Yesterday, Mr Frost was at it again, reporting pre-tax profits (before exceptionals) up 29 per cent at pounds 92.2m and saying he felt more confident than at any time since the flotation. In a falling market, the shares put on 8p to 943p.
It's hard to pick holes in Hays' performance. In distribution, the company's margins are better than its competitors' because it eschews cut-throat logistics deals in favour of first-time contracts. Late last year, Hays enjoyed a coup when it convinced BP and Shell to award it the contract to distribute non-petroleum products to their forecourts. Margins dropped to 9 per cent, but this was blamed on acquisitions, and returns should improve once they have been fully integrated.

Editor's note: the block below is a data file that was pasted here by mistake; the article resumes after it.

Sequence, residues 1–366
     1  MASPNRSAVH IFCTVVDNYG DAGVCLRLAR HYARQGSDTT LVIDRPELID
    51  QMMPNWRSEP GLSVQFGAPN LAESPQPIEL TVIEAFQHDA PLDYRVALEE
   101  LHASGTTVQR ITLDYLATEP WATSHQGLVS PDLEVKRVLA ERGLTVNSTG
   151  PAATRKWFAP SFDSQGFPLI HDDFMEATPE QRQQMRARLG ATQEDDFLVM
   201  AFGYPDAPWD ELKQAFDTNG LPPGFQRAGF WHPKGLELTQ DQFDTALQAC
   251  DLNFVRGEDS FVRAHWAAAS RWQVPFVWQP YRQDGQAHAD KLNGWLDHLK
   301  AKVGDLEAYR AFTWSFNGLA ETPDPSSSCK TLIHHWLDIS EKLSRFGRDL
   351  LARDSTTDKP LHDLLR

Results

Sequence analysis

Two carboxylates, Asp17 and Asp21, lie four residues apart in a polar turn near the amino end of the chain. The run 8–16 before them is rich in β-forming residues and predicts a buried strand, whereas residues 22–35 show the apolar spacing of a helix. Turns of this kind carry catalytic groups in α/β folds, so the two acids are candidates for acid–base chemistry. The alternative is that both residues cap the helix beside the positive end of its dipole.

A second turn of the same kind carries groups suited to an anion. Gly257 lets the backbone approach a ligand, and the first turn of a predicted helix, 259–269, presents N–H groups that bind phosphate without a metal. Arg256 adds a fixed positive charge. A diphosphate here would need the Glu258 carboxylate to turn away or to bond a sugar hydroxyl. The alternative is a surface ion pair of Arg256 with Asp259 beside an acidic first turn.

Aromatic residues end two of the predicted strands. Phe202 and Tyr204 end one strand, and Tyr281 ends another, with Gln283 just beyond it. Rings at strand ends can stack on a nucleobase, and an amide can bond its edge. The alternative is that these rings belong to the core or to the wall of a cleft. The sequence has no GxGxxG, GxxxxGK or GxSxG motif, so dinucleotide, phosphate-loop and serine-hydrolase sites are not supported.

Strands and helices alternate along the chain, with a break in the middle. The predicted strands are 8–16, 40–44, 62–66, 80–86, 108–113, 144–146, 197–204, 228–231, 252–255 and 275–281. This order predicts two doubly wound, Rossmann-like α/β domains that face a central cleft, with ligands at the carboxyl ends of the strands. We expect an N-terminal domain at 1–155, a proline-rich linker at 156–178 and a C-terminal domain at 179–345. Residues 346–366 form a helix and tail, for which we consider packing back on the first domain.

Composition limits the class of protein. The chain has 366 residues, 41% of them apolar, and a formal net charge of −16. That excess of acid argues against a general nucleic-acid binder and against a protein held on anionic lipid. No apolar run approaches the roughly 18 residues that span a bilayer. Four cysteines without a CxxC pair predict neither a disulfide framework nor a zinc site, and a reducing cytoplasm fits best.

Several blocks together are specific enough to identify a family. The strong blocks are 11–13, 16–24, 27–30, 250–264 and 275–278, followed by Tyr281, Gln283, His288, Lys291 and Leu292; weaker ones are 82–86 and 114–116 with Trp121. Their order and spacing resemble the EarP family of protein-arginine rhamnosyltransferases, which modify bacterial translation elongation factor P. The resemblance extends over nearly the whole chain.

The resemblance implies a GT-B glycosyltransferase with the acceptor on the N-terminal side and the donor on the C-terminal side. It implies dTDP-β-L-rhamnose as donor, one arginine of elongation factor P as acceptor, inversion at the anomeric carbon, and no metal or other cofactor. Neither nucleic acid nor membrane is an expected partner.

Meanwhile, the commercial business produced 21 per cent growth while personnel turned in a sparkling 41 per cent increase in profits. Hays is pragmatic about moving into new business areas so, by invitation from its customers, it recently moved into IT personnel and has gone from supplying staff for a British Gas call centres to managing the whole show.
Future growth will be both organic and by acquisition. Hays has proved itself a shrewd predator in the past and it is hunting for small strategic deals on the Continent. The only question is how much of that is reflected in the share price. Broker Panmure Gordon forecasts full-year profits of pounds 194m, rising to pounds 222m, putting the shares at a 50 per cent premium to the rest of the market. High enough.Reuse content